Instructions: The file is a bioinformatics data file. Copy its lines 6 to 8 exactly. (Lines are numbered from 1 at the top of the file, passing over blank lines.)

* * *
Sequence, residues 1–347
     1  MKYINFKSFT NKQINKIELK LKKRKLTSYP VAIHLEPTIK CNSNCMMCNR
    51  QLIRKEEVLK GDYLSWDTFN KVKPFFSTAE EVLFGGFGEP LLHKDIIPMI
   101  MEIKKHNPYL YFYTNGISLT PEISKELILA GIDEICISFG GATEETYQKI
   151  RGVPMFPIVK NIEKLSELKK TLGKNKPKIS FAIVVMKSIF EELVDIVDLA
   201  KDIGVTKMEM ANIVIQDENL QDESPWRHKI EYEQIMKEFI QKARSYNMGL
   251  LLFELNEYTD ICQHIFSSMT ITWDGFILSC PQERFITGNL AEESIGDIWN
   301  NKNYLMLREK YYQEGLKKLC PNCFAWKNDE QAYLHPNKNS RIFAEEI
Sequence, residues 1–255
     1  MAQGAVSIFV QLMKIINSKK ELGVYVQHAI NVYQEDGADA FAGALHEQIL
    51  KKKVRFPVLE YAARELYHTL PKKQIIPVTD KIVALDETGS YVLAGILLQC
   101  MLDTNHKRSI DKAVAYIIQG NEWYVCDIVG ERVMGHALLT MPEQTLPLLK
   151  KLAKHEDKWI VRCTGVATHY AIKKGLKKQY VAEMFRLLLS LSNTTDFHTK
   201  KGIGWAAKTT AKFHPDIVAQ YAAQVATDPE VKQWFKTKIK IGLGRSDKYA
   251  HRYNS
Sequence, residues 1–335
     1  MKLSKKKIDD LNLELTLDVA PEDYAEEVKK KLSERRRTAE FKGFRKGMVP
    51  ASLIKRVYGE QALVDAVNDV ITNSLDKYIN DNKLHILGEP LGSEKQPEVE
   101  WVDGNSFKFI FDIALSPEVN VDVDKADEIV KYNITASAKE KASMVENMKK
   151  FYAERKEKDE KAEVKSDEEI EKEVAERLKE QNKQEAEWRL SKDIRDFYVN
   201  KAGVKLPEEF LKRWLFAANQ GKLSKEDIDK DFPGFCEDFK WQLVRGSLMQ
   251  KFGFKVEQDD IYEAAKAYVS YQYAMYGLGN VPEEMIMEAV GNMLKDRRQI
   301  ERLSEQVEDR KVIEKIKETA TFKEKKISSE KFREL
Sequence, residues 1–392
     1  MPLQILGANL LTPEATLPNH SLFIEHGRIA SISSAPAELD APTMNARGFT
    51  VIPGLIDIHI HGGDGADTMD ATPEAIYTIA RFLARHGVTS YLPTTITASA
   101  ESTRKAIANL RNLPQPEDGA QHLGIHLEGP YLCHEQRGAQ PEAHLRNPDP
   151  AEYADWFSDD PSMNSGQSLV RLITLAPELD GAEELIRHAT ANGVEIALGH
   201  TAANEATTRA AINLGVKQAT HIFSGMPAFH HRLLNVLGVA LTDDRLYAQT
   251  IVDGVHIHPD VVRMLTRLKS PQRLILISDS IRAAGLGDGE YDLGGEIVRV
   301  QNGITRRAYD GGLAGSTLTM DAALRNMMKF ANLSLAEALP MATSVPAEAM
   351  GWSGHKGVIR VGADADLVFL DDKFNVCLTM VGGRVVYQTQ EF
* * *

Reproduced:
   201  KDIGVTKMEM ANIVIQDENL QDESPWRHKI EYEQIMKEFI QKARSYNMGL
   251  LLFELNEYTD ICQHIFSSMT ITWDGFILSC PQERFITGNL AEESIGDIWN
   301  NKNYLMLREK YYQEGLKKLC PNCFAWKNDE QAYLHPNKNS RIFAEEI